Thinking back to about one year ago, Clearview junior Ty Whalen remembers feeling that the potential for a 2020-2021 wrestling season seemed bleak.
“I really didn’t think we were going to have a season or states at all,” he said. “Just by the way things were going … I just had no idea.”
Despite that, Whalen said his main focus in the early days of quarantine and the pandemic — and not knowing when he would once again be able to represent the green and gold on the mat — was simply to get better each day as best he could, so he was prepared for when the opportunity once again presented itself.
“I was training in a way that would have me prepared in case [a season] were to come out of it,” Whalen recalled. “That’s all I was doing honestly … I was just training endlessly.
“This offseason, I probably wrestled more matches than I ever have because I just took every opportunity I could and kind of went across the country to wrestle as much as I could,” he added.
It’s safe to say the hard work paid off for Whalen, when the No. 4 seed in the 16-man state field clinched the 132-pound division title.
Head coach Steven Turi, in the midst of his second season in that role at Clearview, said it’s been evident since his time with the program that Whalen’s number-one goal has always been to simply get better, no matter what it takes.
“He had been traveling around to get some big matches [this offseason]; he wanted to take any match that he could,” said Turi. “Anybody that wanted to get in a match with him, Ty was absolutely willing to do so. He’s always ready to test himself and he’s not worried about taking losses either. He just wanted to get better.”
Having wrestled primarily at 113 the year before, Whalen had a conversation with Turi at the end of last season identifying ways he could get better, including a plan to go up a weight class or two.
Thanks to a home gym and the forced extra time at home due to the pandemic, Whalen spent hours each day lifting in an effort to get as strong as possible, eventually gaining around 20 pounds of muscle.
“The ‘corona’ season has probably developed me into a better wrestler, and I don’t think I’d be where I am today without that time period,” Whalen said of COVID. “Having the opportunity to train all the time and get better was well worth it.”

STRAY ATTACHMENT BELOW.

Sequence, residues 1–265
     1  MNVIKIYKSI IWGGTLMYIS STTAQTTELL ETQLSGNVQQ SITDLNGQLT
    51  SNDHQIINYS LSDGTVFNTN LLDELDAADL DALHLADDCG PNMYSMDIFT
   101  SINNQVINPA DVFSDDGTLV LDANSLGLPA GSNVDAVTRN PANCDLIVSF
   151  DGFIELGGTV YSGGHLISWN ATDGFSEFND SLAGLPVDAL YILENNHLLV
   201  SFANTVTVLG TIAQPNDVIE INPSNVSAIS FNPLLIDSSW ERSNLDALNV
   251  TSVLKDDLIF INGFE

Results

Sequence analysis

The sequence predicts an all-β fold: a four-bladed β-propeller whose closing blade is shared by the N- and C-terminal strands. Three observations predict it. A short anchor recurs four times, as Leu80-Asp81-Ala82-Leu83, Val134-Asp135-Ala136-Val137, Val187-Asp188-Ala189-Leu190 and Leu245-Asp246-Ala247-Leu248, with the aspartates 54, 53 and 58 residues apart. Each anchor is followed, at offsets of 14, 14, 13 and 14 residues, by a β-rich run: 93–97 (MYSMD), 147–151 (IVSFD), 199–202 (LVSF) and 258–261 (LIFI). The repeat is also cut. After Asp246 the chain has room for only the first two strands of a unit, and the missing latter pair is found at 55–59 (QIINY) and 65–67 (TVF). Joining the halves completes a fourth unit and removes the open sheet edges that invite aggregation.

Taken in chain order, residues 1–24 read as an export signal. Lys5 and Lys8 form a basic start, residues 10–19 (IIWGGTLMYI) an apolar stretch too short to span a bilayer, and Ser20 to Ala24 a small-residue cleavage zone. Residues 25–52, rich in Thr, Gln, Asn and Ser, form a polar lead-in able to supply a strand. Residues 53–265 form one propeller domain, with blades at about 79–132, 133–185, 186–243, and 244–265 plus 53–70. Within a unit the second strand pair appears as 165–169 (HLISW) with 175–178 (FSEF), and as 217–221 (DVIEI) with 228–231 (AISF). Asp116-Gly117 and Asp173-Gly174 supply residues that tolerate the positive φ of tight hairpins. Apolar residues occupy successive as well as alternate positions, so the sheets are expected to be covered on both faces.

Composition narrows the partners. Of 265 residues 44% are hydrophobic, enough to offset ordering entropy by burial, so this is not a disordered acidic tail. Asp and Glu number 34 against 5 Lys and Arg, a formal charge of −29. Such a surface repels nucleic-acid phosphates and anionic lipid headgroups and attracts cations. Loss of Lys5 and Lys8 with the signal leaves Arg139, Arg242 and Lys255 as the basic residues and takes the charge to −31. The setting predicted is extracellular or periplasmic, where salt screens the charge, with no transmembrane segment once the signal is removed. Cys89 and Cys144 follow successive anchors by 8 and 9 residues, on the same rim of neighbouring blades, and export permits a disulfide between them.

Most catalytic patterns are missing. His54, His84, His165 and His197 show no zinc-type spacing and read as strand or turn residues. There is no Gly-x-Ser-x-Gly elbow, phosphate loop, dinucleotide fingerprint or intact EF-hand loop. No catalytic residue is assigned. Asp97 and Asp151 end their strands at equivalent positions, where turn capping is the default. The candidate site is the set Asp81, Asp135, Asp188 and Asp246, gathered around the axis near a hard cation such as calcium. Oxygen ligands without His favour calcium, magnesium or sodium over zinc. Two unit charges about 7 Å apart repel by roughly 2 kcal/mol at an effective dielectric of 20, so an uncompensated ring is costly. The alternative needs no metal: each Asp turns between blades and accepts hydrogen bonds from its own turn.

Between the additional focus on weightlifting and a more strenuous offseason than usual, including tournaments such as one in Atlantic City where he wrestled eight matches in a single day, Whalen found himself more than prepared for 2020-2021 and the state tournament.
Throughout this season — in tournaments, regions and states — Whalen was not aware of his seeding or who his opponent would be before the match. Instead, Turi says Whalen focused strictly on himself and what he needed to accomplish and focus on, rather than thinking about who his next opponent would be.
“We don’t talk about his upcoming matches or his seeds going in,” Turi explained. “Ty had no idea what he was seeded in any of those tournaments. He kind of started it last year and said he wanted to do the same thing this year, so I said that’s fine with me, too, and that’s just his approach.
“It doesn’t matter who he’s wrestling, Ty’s going to wrestle his match his way and that’s the way he prepares for it.”
With one year left in high school, Whalen finds himself in the same unfortunate situation as many South Jersey wrestlers after a lost 2020 season, in that top wrestlers no longer have a real shot at reaching their respective program’s career-win record, which Turi said Whalen had the potential to do.
But Whalen is not concerned with losing out on the opportunity. Instead, he wants to repeat as state champion and help better the Clearview program in any way he can.
“The goal is to go out there and get better at wrestling and be the best wrestler I can be,” he emphasized. “If the number of wins I needed to break the record happened to come then it happened, but it wasn’t my main goal. I definitely want to repeat as state champion and dominate next year. As a team, too, I would love to win a South Jersey group title as well. We haven’t had a title in years, it would mean a lot to do that.”
Turi said over the next year, he looks forward to watching Whalen serve as a captain and true role model to others in the program for a final year.
“Ty has really stepped up in terms of a leadership role,” the coach said. “He’s starting almost like a mentorship program with the team, and I’m almost more excited now to see how he can help develop the team … As he matures, he’s taking on more of a leadership role, and I’m really excited to see that.”